OPEN LETTER TO BARACK OBAMA ON HIS AUTOBIOGRAPHY “A PROMISED LAND” Part 153 The high-profile rejection of Robert Bork’s nomination in the late 1980s and the Clarence Thomas–Anita Hill hearings in the early 1990s”

April 23, 2021

Office of Barack and Michelle Obama
P.O. Box 91000
Washington, DC 20066

Dear President Obama,

I wrote you over 700 letters while you were President and I mailed them to the White House and also published them on my blog http://www.thedailyhatch.org .I received several letters back from your staff and I wanted to thank you for those letters. 

I have been reading your autobiography A PROMISED LAND and I have been enjoying it. 

Let me make a few comments on it, and here is the first quote of yours I want to comment on:

    THE SECOND TURN of events was an opportunity rather than a crisis. At the end of April, Supreme Court justice David Souter called to tell me he was retiring from the bench, giving me my first chance to fill a seat on the highest court in the land.
     Getting somebody confirmed to the Supreme Court has never been a slam dunk, in part because the Court’s role in American government has always been controversial. After all, the idea of giving nine unelected, tenured-for-life lawyers in black robes the power to strike down laws passed by a majority of the people’s representatives doesn’t sound very democratic. But since Marbury v. Madison, the 1803 Supreme Court case that gave the Court final say on the meaning of the U.S. Constitution and established the principle of judicial review over the actions of the Congress and the president, that’s how our system of checks and balances has worked. In theory, Supreme Court justices don’t “make law” when exercising these powers; instead, they’re supposed to merely “interpret” the Constitution, helping to bridge how its provisions were understood by the framers and how they apply to the world we live in today.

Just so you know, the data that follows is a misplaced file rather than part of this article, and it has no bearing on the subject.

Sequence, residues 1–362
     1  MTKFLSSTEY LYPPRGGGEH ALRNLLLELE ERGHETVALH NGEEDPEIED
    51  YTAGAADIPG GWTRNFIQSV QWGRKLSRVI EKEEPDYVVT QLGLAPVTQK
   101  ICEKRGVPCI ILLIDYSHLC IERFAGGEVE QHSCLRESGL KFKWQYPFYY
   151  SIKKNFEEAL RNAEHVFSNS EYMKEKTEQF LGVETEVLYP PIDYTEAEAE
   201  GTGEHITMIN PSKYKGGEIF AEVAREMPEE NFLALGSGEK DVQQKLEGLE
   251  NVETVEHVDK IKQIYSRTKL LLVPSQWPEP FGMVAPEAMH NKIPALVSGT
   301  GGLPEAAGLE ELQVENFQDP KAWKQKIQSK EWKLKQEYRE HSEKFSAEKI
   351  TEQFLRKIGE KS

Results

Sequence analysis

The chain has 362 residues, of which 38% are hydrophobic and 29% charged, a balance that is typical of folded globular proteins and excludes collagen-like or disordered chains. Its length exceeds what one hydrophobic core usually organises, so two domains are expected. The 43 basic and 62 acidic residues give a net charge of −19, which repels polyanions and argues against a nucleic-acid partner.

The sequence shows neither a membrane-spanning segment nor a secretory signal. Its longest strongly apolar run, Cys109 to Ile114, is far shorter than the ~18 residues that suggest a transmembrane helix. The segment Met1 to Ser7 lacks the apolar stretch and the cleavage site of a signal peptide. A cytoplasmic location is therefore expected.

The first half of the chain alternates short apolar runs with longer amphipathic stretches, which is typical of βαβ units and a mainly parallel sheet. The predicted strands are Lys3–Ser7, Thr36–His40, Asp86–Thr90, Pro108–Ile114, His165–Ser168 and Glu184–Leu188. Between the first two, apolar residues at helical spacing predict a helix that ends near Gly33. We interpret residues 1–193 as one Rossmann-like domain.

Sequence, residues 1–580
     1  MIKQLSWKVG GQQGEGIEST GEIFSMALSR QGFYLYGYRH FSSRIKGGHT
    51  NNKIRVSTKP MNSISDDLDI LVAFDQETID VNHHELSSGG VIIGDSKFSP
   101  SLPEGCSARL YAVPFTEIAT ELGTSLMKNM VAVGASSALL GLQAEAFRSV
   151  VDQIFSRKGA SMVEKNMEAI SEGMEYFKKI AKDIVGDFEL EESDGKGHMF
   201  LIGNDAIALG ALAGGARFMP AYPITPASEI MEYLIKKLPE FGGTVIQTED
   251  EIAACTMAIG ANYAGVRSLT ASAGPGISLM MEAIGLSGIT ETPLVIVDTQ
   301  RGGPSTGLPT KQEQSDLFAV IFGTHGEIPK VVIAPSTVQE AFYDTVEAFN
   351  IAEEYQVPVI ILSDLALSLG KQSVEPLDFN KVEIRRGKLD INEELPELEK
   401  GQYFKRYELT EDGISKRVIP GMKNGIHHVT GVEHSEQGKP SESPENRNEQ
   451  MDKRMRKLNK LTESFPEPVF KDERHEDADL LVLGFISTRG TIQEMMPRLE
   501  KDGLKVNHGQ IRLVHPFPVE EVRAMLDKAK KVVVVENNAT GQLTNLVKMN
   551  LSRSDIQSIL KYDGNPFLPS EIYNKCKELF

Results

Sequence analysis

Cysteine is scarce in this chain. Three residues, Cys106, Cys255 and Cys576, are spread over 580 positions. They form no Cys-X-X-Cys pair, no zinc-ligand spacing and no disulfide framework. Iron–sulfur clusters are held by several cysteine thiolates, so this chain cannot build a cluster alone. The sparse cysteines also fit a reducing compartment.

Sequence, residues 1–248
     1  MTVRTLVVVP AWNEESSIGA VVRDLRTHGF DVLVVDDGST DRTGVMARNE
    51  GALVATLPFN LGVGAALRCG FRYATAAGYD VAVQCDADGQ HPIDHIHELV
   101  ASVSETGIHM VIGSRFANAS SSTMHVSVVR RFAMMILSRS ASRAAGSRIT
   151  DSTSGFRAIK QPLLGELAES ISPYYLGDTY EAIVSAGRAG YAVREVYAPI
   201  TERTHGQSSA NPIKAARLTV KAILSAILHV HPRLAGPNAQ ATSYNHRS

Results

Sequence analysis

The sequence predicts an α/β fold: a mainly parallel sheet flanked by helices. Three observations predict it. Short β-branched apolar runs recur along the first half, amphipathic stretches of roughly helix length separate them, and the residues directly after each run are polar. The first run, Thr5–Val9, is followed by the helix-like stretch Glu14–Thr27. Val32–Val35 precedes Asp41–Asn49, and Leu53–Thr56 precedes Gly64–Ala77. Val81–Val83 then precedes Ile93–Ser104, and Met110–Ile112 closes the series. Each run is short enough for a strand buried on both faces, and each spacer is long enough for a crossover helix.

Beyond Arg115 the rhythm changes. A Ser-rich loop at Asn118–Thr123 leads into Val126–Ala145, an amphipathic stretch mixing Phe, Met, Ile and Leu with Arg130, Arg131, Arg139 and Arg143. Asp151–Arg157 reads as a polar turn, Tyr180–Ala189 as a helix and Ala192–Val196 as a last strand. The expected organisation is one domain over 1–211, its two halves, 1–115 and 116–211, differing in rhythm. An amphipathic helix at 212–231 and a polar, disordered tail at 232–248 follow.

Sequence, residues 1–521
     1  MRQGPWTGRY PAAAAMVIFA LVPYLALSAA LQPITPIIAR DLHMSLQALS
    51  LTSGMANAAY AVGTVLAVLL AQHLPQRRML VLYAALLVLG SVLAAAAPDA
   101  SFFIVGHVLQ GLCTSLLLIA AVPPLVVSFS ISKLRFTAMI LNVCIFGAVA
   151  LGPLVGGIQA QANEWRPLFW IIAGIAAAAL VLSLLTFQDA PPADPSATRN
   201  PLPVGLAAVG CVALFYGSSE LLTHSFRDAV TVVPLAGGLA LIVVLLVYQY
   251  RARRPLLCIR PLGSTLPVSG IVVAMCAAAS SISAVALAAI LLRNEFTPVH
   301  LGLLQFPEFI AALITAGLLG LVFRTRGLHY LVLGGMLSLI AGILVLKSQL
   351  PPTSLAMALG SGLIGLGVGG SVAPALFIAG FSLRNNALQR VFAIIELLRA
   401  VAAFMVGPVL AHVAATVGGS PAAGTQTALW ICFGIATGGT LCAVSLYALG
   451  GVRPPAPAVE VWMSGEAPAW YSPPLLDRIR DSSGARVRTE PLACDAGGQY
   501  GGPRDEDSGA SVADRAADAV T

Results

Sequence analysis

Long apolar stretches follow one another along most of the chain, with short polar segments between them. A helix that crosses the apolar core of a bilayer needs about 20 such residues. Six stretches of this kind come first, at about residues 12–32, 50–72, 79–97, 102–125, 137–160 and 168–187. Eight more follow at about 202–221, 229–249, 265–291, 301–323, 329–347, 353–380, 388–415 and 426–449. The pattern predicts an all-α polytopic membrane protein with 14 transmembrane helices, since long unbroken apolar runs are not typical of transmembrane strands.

For the bulk of constitutional cases coming before the Court, the theory holds up pretty well. Justices have for the most part felt bound by the text of the Constitution and precedents set by earlier courts, even when doing so results in an outcome they don’t personally agree with. Throughout American history, though, the most important cases have involved deciphering the meaning of phrases like “due process,” “privileges and immunities,” “equal protection,” or “establishment of religion”—terms so vague that it’s doubtful any two Founding Fathers agreed on exactly what they meant. This ambiguity gives individual justices all kinds of room to “interpret” in ways that reflect their moral judgments, political preferences, biases, and fears. That’s why in the 1930s a mostly conservative Court could rule that FDR’s New Deal policies violated the Constitution, while forty years later a mostly liberal Court could rule that the Constitution grants Congress almost unlimited power to regulate the economy. It’s how one set of justices, in Plessy v. Ferguson, could read the Equal Protection Clause to permit “separate but equal,” and another set of justices, in Brown v. Board of Education, could rely on the exact same language to unanimously arrive at the opposite conclusion.
     It turned out that Supreme Court justices made law all the time.
     Over the years, the press and the public started paying more attention to Court decisions and, by extension, to the process of confirming justices. In 1955, southern Democrats—in a fit of pique over the Brown decision—institutionalized the practice of having Supreme Court nominees appear before the Senate Judiciary Committee to be grilled on their legal views. The 1973 Roe v. Wade decision focused further attention on Court appointments, with every nomination from that point on triggering a pitched battle between pro-choice and anti-abortion forces. The high-profile rejection of Robert Bork’s nomination in the late 1980s and the Clarence Thomas–Anita Hill hearings in the early 1990s—in which the nominee was accused of sexual harassment—proved to be irresistible TV drama.